Portland resident, ComicsAlliance editor, and insane karaoke addict Laura Hudson continues her 7-day karaoke marathon, hitting up a different Portland hotspot every night and reporting her experiences back to Blogtown.
The great thing about Voicebox is also the worst thing about it, depending on your perspective: It takes away the audience, and replaces them with your best friends. The focus is much more on a communal experience, something you'll notice immediately if you try to stand up and sing from anywhere besides the seating area, the only place the screen with the lyrics is really visible.
If you really get off on the thrill of performing for a large and somewhat anonymous crowd, it's unlikely that you're going replicate that excitement by singing in front of a handful of people you already know. But if getting up on stage to sing fills you with paralyzing, existential terror, chances are you going to be a lot happier at Voicebox.
Private room karaoke is probably the only reason I got into karaoke at all, since my first experience — standing in front of a microphone at a crowded bar — was basically terrifying for someone who wasn't used to singing in public. It wasn't until I moved to Japan, where almost all karaoke takes place behind closed doors, that I realized it could actually be fun. Everyone did it, even if they weren't “good” singers, and the focus there was less on generating star performances and more on taking part in an elaborate, drunken sing-a-longs with your friends in the context of many, many pitchers of beer. If that's the sort of experience you want, Voicebox is the place to get it.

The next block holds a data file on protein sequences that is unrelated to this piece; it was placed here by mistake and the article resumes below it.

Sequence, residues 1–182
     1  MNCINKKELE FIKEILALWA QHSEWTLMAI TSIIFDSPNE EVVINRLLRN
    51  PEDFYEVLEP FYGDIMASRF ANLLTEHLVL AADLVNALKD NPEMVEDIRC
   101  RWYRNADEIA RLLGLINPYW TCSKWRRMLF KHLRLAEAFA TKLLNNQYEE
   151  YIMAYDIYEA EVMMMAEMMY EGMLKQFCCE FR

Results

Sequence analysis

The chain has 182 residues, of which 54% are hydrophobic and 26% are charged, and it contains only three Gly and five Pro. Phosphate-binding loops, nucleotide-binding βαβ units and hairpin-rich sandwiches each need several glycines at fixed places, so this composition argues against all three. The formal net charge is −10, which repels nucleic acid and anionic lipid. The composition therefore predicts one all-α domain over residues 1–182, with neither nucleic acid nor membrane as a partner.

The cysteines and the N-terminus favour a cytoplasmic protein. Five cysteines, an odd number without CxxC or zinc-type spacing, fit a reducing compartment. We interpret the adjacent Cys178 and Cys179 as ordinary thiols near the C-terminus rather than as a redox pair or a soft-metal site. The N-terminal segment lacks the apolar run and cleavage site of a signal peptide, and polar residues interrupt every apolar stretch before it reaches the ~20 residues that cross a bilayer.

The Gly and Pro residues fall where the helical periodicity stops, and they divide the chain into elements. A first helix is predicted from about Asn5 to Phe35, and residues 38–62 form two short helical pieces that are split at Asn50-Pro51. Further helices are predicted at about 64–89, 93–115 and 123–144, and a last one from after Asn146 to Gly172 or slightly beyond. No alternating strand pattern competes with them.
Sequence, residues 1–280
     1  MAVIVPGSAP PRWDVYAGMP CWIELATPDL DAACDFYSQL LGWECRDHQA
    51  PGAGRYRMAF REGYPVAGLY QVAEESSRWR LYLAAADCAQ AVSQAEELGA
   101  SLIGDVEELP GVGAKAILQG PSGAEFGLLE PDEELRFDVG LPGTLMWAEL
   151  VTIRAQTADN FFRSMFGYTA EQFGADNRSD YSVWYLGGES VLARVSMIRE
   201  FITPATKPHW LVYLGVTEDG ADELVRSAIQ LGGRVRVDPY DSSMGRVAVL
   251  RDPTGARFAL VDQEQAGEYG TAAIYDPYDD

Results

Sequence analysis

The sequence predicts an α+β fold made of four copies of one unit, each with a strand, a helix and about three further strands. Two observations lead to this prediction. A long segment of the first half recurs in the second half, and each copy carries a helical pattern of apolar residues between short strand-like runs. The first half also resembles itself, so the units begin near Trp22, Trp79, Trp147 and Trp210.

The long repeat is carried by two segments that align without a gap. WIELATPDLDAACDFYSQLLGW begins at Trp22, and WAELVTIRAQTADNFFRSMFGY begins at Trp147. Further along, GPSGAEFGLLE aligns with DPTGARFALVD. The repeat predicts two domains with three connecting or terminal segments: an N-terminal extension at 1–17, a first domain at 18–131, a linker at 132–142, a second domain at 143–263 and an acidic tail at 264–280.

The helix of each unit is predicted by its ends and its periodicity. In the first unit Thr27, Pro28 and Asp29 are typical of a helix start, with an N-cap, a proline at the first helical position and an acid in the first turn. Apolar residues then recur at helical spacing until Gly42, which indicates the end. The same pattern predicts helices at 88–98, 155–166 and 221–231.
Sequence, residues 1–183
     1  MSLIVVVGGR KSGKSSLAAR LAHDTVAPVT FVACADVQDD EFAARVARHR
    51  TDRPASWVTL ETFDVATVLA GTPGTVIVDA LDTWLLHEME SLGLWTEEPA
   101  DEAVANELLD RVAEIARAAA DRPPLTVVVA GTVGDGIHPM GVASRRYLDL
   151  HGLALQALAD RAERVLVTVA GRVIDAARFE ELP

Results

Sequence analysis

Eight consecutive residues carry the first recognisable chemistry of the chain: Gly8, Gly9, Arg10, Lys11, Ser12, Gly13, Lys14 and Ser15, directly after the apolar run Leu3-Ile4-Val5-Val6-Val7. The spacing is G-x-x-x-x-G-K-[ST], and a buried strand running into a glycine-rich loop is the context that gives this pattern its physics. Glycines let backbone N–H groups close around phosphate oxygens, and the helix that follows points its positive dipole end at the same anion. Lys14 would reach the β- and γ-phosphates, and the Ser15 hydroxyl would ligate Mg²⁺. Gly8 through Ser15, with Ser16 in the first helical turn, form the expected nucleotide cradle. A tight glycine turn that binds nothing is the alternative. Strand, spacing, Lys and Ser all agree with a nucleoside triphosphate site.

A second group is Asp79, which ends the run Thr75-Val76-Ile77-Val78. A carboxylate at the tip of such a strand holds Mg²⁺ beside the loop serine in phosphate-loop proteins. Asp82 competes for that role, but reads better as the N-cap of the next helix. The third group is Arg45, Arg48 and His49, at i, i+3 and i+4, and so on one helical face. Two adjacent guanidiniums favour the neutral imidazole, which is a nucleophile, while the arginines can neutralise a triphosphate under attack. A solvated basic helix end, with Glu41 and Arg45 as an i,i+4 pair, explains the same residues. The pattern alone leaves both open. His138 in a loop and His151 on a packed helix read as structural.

Be aware that this speeds up the song rotation something fierce and usually means singing a lot more often, as it removes all the asshole strangers singing songs you don't care about, and replaces them with a much smaller number of more familiar assholes. It's not a bad idea to write down a few ideas for songs before you go, both to avoid the awkwardness of dead air and spend less of the party with your nose in the songbook.
For more advanced karaoke enthusiasts, Voicebox also a great place to practice new karaoke songs before debuting them in a more public space. The idea of practicing karaoke might sound a little weird, but it's a lot better to find out that can't actually hit the high note in “Take On Me” or that you don't really know all the words to “Bad Medicine” when you're in front of a few of your friends, rather than dozens of people you don't know.
One very critical caveat: Voicebox charges an hourly rate per person, a fact that you should discuss emphatically with your friends before you arrive. Fridays and Saturdays are the most expensive at $7 per person per hour, while weekdays dip to $4 per hour, and large groups can get slightly different rates. It isn't too bad if everyone chips in, except that if they don't, it adds up and you can get stuck holding the bag. I once got slammed with a $150+ bill after one particularly epic birthday party there, since people kept dropping in and out, and failing to pay their share either because they didn't realize the room charge existed or didn't care.
In this way and many others, your experience at Voicebox is only going to be as good as the friends you bring, so bring the best.